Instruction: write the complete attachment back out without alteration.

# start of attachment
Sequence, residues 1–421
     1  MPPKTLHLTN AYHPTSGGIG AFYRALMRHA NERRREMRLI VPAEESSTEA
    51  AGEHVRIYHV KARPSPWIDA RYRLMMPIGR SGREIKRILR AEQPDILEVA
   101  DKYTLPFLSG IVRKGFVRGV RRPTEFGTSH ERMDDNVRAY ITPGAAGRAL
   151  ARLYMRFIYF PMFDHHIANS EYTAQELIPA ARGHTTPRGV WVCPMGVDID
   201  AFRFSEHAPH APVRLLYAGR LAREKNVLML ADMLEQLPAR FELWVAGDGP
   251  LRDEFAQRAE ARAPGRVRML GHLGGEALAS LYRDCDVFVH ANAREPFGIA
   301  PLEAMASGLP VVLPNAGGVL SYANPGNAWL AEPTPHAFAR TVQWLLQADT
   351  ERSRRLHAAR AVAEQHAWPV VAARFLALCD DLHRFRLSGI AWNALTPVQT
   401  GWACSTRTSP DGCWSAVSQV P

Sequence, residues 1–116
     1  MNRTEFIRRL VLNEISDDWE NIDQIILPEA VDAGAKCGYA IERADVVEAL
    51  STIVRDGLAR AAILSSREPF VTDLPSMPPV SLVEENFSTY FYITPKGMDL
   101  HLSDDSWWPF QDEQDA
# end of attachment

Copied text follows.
Sequence, residues 1–421
     1  MPPKTLHLTN AYHPTSGGIG AFYRALMRHA NERRREMRLI VPAEESSTEA
    51  AGEHVRIYHV KARPSPWIDA RYRLMMPIGR SGREIKRILR AEQPDILEVA
   101  DKYTLPFLSG IVRKGFVRGV RRPTEFGTSH ERMDDNVRAY ITPGAAGRAL
   151  ARLYMRFIYF PMFDHHIANS EYTAQELIPA ARGHTTPRGV WVCPMGVDID
   201  AFRFSEHAPH APVRLLYAGR LAREKNVLML ADMLEQLPAR FELWVAGDGP
   251  LRDEFAQRAE ARAPGRVRML GHLGGEALAS LYRDCDVFVH ANAREPFGIA
   301  PLEAMASGLP VVLPNAGGVL SYANPGNAWL AEPTPHAFAR TVQWLLQADT
   351  ERSRRLHAAR AVAEQHAWPV VAARFLALCD DLHRFRLSGI AWNALTPVQT
   401  GWACSTRTSP DGCWSAVSQV P

Sequence, residues 1–116
     1  MNRTEFIRRL VLNEISDDWE NIDQIILPEA VDAGAKCGYA IERADVVEAL
    51  STIVRDGLAR AAILSSREPF VTDLPSMPPV SLVEENFSTY FYITPKGMDL
   101  HLSDDSWWPF QDEQDA